Tuesday, July 27, 2010

One step closer to complete summer fun

Last night I checked one more item off my summer wish list. I visited the “secret” rum punch paradise, Cienfuegos. It was just as wonderful as I thought it would be. It is located on the second floor on 6th Street between Avenue A and First. Don’t look for a sign outside though. You won’t find it. There is no storefront, you enter through a Cuban sandwich shop, which conveniently serves frozen daiquiris if you have to wait to get upstairs, and then walk up a hidden metal staircase in the back. Once you get to the top of the stairs it’s like a green and gold wonderland, to the tune of Cuban music wafting in the background. The décor is slightly over the top, but is part of what makes the atmosphere so fun to be a part of—Cienfuegos transports you from the streets of NYC. All of the chairs are high backed, and there are tall tapered candlesticks on the tables.  You can find a table to suit any party from a conference room style round table for 8-10 to a corner window table for 2.  In the back is a pink room that can fit larger groups. I cannot wait to go back with a whole bunch of people and get a giant bowl of rum punch. All in all, it is a rather small place. It looks almost like a gutted apartment turned into a bar/lounge. Yet, it works. The homey feeling of it contributes to the contrived sense that you are entering a secret speakeasy.

The cocktails were fantastic. They were perfectly blended to challenge your palate, and boasted the bright colors to match the room. I recommend the Viola Royal, a blend of champagne, gin, and violet liqueur that is a pleasing pale purple and complex with flavor. The wait staff was equally fantastic, and extremely chatty and knowledgeable about the drinks. Our waiter helped me pick a drink I would like when I was having trouble making a decision because the selection was so vast. The food, on the other hand, failed to impress. We ordered popovers stuffed with cheese and chorizo, and the came out looking like little turds, not the fluffy muffinish shape you expect from a popover. They were ok, but left much to be desired, and took quite a long time to be served. Needless to say, they did not lead me to try any of their other cuisine, though the more traditional Cuban fare may have been more delicious.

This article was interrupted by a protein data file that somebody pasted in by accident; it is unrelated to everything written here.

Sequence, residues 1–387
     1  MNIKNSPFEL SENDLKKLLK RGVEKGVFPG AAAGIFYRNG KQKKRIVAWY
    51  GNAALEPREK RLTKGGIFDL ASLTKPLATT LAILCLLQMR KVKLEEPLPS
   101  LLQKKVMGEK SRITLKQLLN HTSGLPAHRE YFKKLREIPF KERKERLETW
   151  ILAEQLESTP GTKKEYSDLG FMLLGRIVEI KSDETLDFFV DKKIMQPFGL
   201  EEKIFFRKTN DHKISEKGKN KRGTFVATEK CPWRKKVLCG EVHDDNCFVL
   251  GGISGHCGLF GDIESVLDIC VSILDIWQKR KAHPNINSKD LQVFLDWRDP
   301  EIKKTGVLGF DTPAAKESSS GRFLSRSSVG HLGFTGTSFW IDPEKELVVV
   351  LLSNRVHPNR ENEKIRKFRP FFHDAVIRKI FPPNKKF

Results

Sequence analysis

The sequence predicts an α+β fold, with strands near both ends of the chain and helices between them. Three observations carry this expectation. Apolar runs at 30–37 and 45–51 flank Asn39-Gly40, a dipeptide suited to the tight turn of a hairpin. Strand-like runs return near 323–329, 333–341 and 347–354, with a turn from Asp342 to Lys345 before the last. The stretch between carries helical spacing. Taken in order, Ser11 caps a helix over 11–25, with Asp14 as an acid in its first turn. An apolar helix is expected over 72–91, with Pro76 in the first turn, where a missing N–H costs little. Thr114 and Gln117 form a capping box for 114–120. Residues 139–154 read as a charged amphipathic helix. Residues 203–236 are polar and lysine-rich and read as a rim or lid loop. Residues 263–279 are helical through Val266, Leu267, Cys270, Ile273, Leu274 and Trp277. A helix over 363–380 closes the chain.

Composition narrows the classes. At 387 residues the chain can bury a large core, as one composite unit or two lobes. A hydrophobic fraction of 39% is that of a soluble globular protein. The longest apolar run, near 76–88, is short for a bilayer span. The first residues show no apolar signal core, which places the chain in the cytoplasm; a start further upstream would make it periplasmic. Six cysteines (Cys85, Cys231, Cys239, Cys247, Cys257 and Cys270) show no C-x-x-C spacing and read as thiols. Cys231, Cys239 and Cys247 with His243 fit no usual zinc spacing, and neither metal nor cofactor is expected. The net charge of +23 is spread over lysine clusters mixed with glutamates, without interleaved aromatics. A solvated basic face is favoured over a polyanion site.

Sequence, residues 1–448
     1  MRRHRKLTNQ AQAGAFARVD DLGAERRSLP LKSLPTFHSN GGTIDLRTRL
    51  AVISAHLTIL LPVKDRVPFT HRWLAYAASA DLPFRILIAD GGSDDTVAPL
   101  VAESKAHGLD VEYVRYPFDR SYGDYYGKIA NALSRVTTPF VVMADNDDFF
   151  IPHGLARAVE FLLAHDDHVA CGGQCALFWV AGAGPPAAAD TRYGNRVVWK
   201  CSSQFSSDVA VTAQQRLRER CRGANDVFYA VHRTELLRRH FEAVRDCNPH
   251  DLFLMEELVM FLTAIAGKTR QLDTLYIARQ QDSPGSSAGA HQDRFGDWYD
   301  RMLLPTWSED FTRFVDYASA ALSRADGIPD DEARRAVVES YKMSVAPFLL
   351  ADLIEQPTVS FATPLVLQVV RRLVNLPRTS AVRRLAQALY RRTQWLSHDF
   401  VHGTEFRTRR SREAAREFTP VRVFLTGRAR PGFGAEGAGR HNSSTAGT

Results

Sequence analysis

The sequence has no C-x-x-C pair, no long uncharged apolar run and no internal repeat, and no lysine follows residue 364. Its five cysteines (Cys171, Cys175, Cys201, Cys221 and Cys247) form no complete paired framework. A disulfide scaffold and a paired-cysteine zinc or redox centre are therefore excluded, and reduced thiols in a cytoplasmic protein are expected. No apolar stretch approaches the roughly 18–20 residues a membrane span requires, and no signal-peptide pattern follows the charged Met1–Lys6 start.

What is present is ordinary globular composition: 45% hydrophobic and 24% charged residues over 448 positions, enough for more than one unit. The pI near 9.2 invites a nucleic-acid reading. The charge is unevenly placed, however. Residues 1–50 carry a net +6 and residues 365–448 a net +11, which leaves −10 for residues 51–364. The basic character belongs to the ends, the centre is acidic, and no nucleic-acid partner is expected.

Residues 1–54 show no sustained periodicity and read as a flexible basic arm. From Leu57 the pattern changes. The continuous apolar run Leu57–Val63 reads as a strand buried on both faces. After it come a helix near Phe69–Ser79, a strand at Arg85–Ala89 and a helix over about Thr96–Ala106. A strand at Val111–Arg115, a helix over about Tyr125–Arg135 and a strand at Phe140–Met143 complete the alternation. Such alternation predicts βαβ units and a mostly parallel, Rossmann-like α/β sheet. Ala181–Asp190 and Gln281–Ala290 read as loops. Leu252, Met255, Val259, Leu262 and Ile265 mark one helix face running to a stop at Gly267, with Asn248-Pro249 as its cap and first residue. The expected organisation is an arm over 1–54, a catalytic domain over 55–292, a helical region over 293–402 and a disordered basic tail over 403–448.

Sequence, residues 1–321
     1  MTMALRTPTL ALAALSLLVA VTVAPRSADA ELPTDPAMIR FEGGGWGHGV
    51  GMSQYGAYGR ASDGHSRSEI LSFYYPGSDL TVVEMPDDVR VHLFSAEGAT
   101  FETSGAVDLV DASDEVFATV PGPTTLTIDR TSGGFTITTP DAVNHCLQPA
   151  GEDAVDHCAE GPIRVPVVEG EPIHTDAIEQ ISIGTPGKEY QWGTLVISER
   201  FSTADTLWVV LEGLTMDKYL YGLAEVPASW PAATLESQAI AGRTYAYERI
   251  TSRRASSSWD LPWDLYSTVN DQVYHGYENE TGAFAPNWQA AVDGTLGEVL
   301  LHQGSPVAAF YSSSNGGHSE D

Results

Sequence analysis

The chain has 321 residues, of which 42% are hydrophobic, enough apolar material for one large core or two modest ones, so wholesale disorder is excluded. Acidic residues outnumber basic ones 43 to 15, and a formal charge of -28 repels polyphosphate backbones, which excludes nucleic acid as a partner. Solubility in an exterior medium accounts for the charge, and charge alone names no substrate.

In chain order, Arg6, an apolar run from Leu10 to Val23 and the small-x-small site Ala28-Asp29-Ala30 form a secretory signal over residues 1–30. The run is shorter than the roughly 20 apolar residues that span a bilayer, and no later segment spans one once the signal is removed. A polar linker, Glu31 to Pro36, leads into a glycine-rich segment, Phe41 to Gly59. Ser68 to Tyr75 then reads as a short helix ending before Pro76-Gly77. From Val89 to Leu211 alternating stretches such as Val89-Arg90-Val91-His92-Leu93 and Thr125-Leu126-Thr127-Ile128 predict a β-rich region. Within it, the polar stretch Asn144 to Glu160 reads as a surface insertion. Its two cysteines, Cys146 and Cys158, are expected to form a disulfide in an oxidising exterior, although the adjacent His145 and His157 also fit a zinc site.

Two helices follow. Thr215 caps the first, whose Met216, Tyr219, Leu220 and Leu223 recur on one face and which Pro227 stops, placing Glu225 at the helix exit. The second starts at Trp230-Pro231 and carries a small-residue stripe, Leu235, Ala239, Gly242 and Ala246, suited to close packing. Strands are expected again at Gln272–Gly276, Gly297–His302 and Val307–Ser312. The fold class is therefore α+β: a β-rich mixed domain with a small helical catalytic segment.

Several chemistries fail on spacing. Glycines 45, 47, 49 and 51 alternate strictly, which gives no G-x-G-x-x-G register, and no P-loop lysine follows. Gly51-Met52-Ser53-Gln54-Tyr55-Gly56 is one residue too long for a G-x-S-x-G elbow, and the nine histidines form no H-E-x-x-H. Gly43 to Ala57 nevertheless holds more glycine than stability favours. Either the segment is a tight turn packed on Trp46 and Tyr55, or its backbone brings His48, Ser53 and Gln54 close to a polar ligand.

Then we moved down the block to Death and Co, an establishment by the same owner that boasts mixologists not bartenders, and a intimidating binder of drinks to choose from, complete with ice chipped directly from a large old fashioned block. The cocktails were just as delicious. I had the Rita Hayworth, and it was love at first sip. The atmosphere could not be more opposite of the sunny colorful Cienfuegos. Death and Co is completely black, with no windows, on the ground floor, and lit solely by candles.
The menu, however, despite the fact that the two establishments share a head chef was far superior. We tried the pork belly, lobster sliders (I’m not sure if this is exactly what they were called on the menu the online one is not up to date, the cocktails are QUITE strong people!), and the truffle mac and cheese. Everything was delicious. The pork was tart and crispy. The truffle mac and cheese was tasty, though a little heavy on the truffle flavor. I love truffles/truffle oil, but you can't overdo it. It was served in 8 individual spoonfuls, so the cute presentation made up for the over flavoring. The lobster sliders were the star of the meal. They were served on mini buttery brioche buns that were a perfect mix of toasted yet soft, and the lobster was a refreshing mix of lemony and mayonnaise.

Overall I had a lovely evening hopping between these two venues. It is always fun to have someone put so much time and energy into crafting a beverage so delicious with such quality ingredients that will challenge your taste buds with new flavors. You will never be able to look at your standard kettle and soda the same way again. The cocktails are refreshingly frothy, since the block ice allows you to shake it longer without the risk of dissolving too much water into the mixture. The glasses are ornamental. Yet I simply don’t understand why these fancy pants bartenders still insist on putting egg yolk and egg white into so many of their concoctions. Not only does it make me wonder if they are unknowingly infecting the masses with salmonella, but I just find it a little gross. I don’t care how fabulous the stuff is that you are mixing it with, I don’t want to drink raw eggs, and that’s that. Am I right people?

No comments:


Related Posts with Thumbnails